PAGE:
Being competitively priced against the segment’s low-emissions diesels despite what must be a relatively expensive powertrain, the Niro delivers plenty of good news here but, predictably or otherwise, no revelation on real-world economy.

For company car drivers, the car’s 88g/km CO2 emissions rating could make it more than £300 a year cheaper on benefit-in-kind tax than its opposition, something it couldn’t have achieved without a low enough showroom price.

Nic Cackett

Nic Cackett

Road tester
Relative scarcity will keep the Niro’s value close to the Prius’s a few years out, but expect it to fall faster initially

Even on our mid-level sub-£23k test car, which we recommend, you get part-leather seats, dual-zone air-con, cruise control and touchscreen infotainment with navigation, DAB and Android Auto as standard.

For many motorists, the 50.1mpg average return that our TrueMPG testers conjured from the car may seem good enough.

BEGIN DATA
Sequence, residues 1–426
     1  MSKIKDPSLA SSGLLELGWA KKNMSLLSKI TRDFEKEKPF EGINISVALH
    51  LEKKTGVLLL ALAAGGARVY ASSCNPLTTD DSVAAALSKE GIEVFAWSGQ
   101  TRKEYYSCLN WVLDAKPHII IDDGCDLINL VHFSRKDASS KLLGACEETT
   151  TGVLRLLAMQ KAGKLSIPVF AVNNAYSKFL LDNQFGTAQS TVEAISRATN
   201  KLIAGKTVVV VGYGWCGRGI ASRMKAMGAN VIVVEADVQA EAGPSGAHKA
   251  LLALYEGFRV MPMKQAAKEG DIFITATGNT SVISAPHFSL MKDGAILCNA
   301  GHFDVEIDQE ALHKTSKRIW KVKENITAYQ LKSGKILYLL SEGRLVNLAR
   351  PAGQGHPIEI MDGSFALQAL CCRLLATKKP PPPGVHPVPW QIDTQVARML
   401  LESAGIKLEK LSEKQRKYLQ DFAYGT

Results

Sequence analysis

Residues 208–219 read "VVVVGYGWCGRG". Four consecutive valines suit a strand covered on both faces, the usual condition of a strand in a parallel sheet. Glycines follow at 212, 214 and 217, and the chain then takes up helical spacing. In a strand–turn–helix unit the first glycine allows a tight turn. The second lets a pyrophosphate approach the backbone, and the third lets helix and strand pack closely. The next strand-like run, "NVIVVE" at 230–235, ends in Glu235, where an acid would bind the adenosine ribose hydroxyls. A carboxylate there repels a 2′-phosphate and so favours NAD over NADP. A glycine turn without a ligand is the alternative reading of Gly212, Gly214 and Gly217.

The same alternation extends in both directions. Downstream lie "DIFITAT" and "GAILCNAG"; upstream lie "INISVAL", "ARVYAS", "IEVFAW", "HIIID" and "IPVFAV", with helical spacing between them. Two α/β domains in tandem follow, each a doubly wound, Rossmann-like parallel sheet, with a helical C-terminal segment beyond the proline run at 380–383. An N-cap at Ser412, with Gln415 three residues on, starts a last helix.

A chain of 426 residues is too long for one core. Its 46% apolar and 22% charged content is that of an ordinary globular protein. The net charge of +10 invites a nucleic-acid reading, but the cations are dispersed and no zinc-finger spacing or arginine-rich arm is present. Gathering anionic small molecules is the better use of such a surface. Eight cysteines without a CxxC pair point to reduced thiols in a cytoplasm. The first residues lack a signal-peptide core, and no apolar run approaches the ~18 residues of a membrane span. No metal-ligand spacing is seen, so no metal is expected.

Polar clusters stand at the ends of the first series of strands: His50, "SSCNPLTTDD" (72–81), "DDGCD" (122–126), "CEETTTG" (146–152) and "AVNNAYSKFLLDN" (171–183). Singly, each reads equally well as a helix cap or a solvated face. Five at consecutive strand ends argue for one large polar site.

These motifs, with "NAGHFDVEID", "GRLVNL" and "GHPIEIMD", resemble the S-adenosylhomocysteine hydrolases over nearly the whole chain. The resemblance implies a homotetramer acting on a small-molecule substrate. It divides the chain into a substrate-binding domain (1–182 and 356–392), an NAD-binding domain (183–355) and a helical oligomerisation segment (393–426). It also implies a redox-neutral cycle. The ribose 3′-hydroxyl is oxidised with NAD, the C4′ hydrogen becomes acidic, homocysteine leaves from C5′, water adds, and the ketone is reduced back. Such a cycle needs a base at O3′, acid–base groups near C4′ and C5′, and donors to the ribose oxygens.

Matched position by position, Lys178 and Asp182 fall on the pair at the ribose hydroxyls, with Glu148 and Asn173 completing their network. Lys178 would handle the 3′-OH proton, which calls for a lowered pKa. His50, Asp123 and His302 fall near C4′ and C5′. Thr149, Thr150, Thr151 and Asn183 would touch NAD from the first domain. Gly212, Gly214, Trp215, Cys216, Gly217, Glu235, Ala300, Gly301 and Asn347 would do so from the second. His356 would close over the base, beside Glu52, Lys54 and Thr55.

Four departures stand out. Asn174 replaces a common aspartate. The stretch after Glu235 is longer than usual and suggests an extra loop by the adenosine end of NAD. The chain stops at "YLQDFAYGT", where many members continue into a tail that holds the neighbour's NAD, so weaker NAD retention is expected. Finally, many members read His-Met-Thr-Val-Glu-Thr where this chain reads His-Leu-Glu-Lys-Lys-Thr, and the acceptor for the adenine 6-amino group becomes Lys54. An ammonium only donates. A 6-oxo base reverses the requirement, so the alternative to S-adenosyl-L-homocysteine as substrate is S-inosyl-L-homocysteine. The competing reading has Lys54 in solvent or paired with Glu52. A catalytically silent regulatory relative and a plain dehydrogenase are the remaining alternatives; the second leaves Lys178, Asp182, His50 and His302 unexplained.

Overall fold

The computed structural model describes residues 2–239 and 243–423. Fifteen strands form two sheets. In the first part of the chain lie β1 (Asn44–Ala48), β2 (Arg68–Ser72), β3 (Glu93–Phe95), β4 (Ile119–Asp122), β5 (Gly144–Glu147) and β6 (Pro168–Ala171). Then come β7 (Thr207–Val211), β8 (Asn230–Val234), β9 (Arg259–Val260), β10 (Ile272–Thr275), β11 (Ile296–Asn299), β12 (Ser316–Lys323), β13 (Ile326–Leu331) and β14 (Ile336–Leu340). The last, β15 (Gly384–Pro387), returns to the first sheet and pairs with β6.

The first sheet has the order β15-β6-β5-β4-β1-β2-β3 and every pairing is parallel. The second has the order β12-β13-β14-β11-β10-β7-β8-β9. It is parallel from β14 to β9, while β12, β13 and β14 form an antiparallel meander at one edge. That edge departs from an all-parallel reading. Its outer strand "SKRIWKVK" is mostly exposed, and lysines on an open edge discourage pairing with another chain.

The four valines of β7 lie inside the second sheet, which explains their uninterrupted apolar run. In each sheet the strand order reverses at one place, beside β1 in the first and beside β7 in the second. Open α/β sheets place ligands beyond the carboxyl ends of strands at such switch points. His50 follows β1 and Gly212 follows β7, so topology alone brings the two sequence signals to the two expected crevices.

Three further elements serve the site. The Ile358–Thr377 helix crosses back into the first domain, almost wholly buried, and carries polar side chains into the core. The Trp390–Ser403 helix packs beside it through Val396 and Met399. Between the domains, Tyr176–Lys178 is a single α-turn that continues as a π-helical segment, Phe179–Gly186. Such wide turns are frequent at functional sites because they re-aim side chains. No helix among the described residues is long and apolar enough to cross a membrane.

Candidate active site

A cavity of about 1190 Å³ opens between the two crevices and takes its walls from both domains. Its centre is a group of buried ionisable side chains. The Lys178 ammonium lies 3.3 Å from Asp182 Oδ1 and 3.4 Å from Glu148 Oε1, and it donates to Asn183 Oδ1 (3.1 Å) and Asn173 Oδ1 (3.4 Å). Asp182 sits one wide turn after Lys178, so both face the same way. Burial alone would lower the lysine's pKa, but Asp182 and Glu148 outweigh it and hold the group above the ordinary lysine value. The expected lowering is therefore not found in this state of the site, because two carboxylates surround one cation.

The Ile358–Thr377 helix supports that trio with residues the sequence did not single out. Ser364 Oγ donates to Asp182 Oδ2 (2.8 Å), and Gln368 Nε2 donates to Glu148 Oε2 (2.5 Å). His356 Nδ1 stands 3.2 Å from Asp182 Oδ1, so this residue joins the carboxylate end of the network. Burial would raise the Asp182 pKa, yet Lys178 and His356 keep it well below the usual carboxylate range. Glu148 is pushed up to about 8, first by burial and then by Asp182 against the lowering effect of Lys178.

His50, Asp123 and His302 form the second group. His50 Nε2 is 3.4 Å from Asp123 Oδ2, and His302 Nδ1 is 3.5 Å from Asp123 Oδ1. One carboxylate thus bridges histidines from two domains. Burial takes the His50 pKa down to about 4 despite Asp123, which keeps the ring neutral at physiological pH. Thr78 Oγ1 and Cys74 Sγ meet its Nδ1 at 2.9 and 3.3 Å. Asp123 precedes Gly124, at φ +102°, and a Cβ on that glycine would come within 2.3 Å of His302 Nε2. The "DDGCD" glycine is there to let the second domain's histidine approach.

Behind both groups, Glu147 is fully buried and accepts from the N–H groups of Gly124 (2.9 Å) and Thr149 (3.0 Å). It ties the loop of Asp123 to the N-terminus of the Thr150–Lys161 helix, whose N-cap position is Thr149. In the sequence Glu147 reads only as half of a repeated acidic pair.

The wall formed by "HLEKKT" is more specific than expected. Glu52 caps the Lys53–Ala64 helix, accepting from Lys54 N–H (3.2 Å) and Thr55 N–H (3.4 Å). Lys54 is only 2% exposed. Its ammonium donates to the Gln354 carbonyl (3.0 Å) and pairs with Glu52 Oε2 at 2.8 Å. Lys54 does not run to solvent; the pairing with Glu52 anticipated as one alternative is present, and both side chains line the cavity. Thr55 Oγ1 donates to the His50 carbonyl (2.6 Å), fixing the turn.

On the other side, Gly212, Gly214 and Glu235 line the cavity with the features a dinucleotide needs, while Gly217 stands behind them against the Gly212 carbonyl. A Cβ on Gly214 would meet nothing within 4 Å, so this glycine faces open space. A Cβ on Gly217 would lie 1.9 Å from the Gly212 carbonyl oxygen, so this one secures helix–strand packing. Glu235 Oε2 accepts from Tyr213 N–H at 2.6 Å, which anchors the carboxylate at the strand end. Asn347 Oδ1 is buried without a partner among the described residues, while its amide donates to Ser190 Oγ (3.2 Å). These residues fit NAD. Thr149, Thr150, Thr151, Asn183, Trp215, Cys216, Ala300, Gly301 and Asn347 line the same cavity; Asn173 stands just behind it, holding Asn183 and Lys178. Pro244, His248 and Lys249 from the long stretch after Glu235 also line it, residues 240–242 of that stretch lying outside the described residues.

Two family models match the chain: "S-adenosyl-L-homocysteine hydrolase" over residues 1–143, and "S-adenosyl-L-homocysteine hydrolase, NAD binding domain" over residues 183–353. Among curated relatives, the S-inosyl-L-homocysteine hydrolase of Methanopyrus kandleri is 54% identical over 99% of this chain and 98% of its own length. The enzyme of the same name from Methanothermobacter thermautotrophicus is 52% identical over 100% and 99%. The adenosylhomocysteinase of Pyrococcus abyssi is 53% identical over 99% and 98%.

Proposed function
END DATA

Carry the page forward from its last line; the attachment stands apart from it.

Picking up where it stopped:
But they should also know that a Qashqai 1.5 dCi 110, a Renault Kadjar with the same engine and even Kia’s own 1.7-litre CRDi Sportage have all returned better this year – and in identical laboratory test conditions.

It’s possible to drive the Niro to an indicated miles-per-gallon return well into the 60s, but not without a lot of patience and commitment.

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And if you do like running your hybrid on emissions-free battery power only for extended periods, this one doesn’t seem to have either the motor power or the battery range to really do it.

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